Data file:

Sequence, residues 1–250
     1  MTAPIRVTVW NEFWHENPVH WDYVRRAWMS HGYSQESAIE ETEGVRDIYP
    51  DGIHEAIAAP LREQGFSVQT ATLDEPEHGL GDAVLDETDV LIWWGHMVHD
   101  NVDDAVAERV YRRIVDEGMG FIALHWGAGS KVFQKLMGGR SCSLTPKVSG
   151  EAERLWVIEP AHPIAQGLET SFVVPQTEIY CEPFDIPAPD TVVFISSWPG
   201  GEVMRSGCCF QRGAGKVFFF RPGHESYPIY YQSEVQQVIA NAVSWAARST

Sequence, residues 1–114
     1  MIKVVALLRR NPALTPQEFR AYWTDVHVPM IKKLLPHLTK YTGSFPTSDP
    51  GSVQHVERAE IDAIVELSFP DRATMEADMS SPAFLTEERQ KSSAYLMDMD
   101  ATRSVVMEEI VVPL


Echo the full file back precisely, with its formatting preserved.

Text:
Sequence, residues 1–250
     1  MTAPIRVTVW NEFWHENPVH WDYVRRAWMS HGYSQESAIE ETEGVRDIYP
    51  DGIHEAIAAP LREQGFSVQT ATLDEPEHGL GDAVLDETDV LIWWGHMVHD
   101  NVDDAVAERV YRRIVDEGMG FIALHWGAGS KVFQKLMGGR SCSLTPKVSG
   151  EAERLWVIEP AHPIAQGLET SFVVPQTEIY CEPFDIPAPD TVVFISSWPG
   201  GEVMRSGCCF QRGAGKVFFF RPGHESYPIY YQSEVQQVIA NAVSWAARST

Sequence, residues 1–114
     1  MIKVVALLRR NPALTPQEFR AYWTDVHVPM IKKLLPHLTK YTGSFPTSDP
    51  GSVQHVERAE IDAIVELSFP DRATMEADMS SPAFLTEERQ KSSAYLMDMD
   101  ATRSVVMEEI VVPL